Objective: Previous research suggests that bidi, cigar, and marijuana use may be interrelated, but to date, this hypothesis has not been empirically tested.
Methods: We explored the relationships among use of these products using data from 17,429 youths who completed the 2001 National Household Survey on Drug Abuse. Variables of interest included demographics, tobacco use (i.e., cigarettes, cigars), marijuana use, and blunting (i.e., cigars filled with marijuana). Adjusted odds ratios (AOR) for past-month bidi use were generated for each variable; regression models were also generated separately by race/ethnicity.
Results: Overall, 1.1% of the youths surveyed reported past month bidi use; higher prevalence was noted for those who were past-month users of cigarettes (4.6%), cigars (7.0%), marijuana (5.8%), and blunts (7.3%). Logistic regression yielded significant odds ratios for all tobacco products, marijuana, and blunts, with the greatest odds associated with past-month cigarette use. Interestingly, the pattern varied notably by race. Among white youth, the greatest odds for past-month bidi use were associated with cigarette use (AOR=3.9), while among black youth the greatest odds were associated with blunting (AOR=9.5).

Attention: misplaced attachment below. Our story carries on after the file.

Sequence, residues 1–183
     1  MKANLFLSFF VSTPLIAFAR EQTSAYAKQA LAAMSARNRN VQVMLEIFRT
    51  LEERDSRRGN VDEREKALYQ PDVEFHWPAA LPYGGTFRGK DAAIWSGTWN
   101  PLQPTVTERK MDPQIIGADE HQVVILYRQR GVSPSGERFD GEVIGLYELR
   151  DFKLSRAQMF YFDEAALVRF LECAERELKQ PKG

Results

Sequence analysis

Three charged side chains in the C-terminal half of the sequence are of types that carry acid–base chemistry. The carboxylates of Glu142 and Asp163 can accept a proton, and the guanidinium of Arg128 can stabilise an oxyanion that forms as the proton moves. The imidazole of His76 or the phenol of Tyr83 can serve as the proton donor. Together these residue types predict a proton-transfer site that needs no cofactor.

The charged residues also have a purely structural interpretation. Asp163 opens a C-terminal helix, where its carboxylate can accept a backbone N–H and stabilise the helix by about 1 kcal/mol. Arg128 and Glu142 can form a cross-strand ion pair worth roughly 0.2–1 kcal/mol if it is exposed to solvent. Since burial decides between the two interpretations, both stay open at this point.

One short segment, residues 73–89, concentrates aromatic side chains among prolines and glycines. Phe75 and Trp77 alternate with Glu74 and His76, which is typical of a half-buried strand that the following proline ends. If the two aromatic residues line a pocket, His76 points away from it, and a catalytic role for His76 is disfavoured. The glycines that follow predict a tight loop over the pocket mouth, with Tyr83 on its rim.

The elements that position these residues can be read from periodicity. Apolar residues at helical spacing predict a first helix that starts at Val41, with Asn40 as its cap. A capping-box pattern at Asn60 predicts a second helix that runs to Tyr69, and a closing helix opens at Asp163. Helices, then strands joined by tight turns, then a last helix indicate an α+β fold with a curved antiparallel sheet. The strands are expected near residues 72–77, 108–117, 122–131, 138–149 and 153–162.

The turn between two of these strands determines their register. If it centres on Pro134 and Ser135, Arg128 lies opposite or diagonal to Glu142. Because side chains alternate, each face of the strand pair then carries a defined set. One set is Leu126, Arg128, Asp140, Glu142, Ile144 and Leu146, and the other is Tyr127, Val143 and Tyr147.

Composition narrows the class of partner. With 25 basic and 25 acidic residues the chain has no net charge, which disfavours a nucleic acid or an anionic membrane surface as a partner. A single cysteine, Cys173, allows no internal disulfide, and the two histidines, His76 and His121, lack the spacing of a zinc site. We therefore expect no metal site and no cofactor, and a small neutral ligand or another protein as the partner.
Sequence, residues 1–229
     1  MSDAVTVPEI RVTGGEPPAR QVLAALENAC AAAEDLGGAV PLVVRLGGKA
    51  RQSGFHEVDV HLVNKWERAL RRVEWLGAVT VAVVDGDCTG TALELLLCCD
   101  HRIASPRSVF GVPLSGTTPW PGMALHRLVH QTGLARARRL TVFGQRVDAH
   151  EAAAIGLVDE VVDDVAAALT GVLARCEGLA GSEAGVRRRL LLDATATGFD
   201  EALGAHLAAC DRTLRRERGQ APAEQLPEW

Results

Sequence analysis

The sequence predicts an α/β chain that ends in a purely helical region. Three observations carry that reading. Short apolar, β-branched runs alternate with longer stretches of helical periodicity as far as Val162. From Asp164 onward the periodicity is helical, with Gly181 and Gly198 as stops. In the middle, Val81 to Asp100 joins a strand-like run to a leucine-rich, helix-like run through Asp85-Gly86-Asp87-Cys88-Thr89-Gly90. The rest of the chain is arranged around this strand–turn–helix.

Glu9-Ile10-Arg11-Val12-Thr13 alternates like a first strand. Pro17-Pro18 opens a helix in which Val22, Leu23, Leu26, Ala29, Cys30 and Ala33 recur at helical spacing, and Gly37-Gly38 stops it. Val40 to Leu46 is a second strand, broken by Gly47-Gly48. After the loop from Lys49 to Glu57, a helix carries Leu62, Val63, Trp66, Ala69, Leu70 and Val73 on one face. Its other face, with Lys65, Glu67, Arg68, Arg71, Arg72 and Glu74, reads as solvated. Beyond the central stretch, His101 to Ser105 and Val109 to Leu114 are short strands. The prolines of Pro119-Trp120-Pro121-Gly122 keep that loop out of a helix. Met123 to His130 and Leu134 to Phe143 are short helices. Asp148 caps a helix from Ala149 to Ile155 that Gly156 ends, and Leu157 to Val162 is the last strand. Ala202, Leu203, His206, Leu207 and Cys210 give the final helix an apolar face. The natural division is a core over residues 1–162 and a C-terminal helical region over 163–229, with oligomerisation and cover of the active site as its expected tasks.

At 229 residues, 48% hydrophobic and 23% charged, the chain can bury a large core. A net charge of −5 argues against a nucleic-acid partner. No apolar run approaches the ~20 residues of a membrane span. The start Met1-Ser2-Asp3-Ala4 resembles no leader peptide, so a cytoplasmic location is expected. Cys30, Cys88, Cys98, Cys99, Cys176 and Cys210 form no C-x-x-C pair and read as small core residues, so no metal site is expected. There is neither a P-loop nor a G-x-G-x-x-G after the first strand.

Conclusion: The findings demonstrate that the use of cigars and blunts is highly associated with bidi use among youths and these patterns differ by race/ ethnicity. Tobacco control efforts that target youths must address other tobacco products and marijuana and should be tailored appropriately and effectively, with consideration of racial, ethnic, and cultural variations.